This is a showcase of two patterns I designed with Kidspattern, for a client’s kidswear collection. I’ve grouped these together as they share a similar neutral palette and both make use of hand-illustrated elements. Additionally, they draw inspiration from nature and bring to mind an early autumn garden, full of flowers, with birds chirping in the bushes.
If you’d like to learn more about my work with Kidspattern please click to visit ‹Kidswear Pattern Design Archives› , which discusses the history and nature of our collaboration. Alternatively, following the link to visit Kidspattern’s Website
Both patterns were turned into vector graphics to ready them for flat printing. Elements with transitional shading were broken down into layers of Pantone tints, which makes these designs much more cost effective and appropriate for screen-printing.
All clothing mockups presented here are provided courtesy of Kidspattern and are used for visualisation purposes only.
This floral pattern is based on hand-drawn pencil illustrations of bouquets full of wild, meadow flowers. It was also inspired by the folksy motifs that are often painted on wooden country furniture, rustic ceiling beams and kitchen utensils. It calls to my mind pressed flowers kept in-between the yellowed pages of an old diary, as a precious keepsake of a memorable day. I’m really enamoured with this pattern’s sentimental and nostalgic feel.
During the development of my designs I experiment with many potential colour and arrangement combinations. Here is a selection of three different versions.
Bouquet Pattern 1
Here is the first version, which has the bouquets repeated in regular modules with plenty of space in-between the elements. It is visualised in a relatively large size on a creamy dress. I enjoy working in neutral and monotone palettes, which usually are suitable for any season. This sepia set, however, makes the flower bouquets appear as if they’re faded and dried up, making it even more fitting for an autumnal collection.
Bouquet Pattern 2
In the second version of this pattern the florals are arranged into vine-like columns, which work as stripes once placed on fabric. This arrangement accentuates the folksy undertones here, displaying the flowers as if they were draped over the person wearing the t‑shirt. Its dusty, smoke-grey palette also feels nostalgically reminiscent of black-and-white photographs, like the kind you can imagine buried away in the attic of an old cottage.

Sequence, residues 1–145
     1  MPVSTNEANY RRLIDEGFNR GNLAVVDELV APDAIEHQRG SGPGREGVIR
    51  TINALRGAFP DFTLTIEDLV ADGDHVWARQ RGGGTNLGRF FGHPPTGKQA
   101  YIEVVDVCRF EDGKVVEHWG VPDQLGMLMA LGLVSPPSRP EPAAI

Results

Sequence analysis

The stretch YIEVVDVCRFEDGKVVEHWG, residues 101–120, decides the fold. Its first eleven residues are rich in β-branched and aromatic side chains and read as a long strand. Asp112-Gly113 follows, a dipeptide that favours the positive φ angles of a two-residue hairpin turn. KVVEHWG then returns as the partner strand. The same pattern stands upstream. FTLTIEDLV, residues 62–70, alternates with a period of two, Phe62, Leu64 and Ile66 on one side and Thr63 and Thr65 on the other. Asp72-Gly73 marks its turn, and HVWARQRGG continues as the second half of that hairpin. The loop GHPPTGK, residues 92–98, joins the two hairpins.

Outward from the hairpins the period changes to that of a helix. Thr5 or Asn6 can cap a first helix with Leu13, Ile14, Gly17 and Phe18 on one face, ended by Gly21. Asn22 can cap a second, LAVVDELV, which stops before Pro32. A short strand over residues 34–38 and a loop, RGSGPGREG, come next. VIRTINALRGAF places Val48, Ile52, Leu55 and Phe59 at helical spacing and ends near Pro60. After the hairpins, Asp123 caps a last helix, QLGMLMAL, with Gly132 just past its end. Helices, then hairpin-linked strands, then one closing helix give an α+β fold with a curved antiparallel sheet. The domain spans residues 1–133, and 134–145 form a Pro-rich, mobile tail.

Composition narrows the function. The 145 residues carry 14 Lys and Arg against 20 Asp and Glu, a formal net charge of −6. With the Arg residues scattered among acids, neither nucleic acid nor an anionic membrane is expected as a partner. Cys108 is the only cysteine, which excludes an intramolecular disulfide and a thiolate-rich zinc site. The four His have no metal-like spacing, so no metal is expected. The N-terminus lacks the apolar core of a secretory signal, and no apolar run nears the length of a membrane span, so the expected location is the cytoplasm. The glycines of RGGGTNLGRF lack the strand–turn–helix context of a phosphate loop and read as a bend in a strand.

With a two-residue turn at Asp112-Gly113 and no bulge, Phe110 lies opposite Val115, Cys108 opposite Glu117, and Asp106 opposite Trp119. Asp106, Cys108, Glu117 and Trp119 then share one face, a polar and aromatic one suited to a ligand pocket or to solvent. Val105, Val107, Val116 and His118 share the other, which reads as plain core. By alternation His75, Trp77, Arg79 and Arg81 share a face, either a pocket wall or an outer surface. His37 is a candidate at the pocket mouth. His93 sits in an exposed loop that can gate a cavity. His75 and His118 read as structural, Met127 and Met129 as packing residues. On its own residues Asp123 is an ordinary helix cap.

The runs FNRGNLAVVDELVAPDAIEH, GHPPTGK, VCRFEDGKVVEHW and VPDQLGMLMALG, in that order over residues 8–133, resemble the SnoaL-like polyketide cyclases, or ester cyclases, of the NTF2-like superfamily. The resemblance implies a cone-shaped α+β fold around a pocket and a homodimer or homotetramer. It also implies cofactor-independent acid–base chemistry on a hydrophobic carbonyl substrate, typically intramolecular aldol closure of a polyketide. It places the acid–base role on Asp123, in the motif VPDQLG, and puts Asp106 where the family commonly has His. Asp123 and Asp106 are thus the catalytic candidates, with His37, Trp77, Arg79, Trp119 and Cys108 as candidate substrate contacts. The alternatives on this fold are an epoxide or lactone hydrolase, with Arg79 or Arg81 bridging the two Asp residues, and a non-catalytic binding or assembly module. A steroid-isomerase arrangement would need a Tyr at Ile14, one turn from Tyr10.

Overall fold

Bouquet Pattern 3
Lastly, the bouquets are arranged here into a check. This causes the print to be much fuller and busier, especially in this smaller size. To conclude this monotone trio of patterns I recoloured this version in khaki olive green. I feel this works particularly well because it compliments the rustic and homespun mood one might want to evoke if using this pattern specifically for an early Autumn Collection.
Bird in a Bush
This design is built up from some hand-painted watercolours of leaves that I produced. They create a wonderful maze of trailing vines. In their branches I have hidden some pencil outlines of small, curious birds. I’d like to share two versions of this pattern, both of which are intended for clothing for young children under 18 months.
The main version of the ‘Birds on Branches’ pattern attempts to maintain the watercolour effect. This was achieved by layering flat tints of one Pantone on top of another, creating a transition similar to a true gradient. The first colour option is a soft warm grey, the second one is a light olive-green that I chose to visualise on a baby dress. For the third we offered the client a flat, simplified, single-colour version of this pattern. This turned out to be a more contrasting solution but it was still kept in neutral tones, which meant it was still appropriate for the younger age groups being aimed at.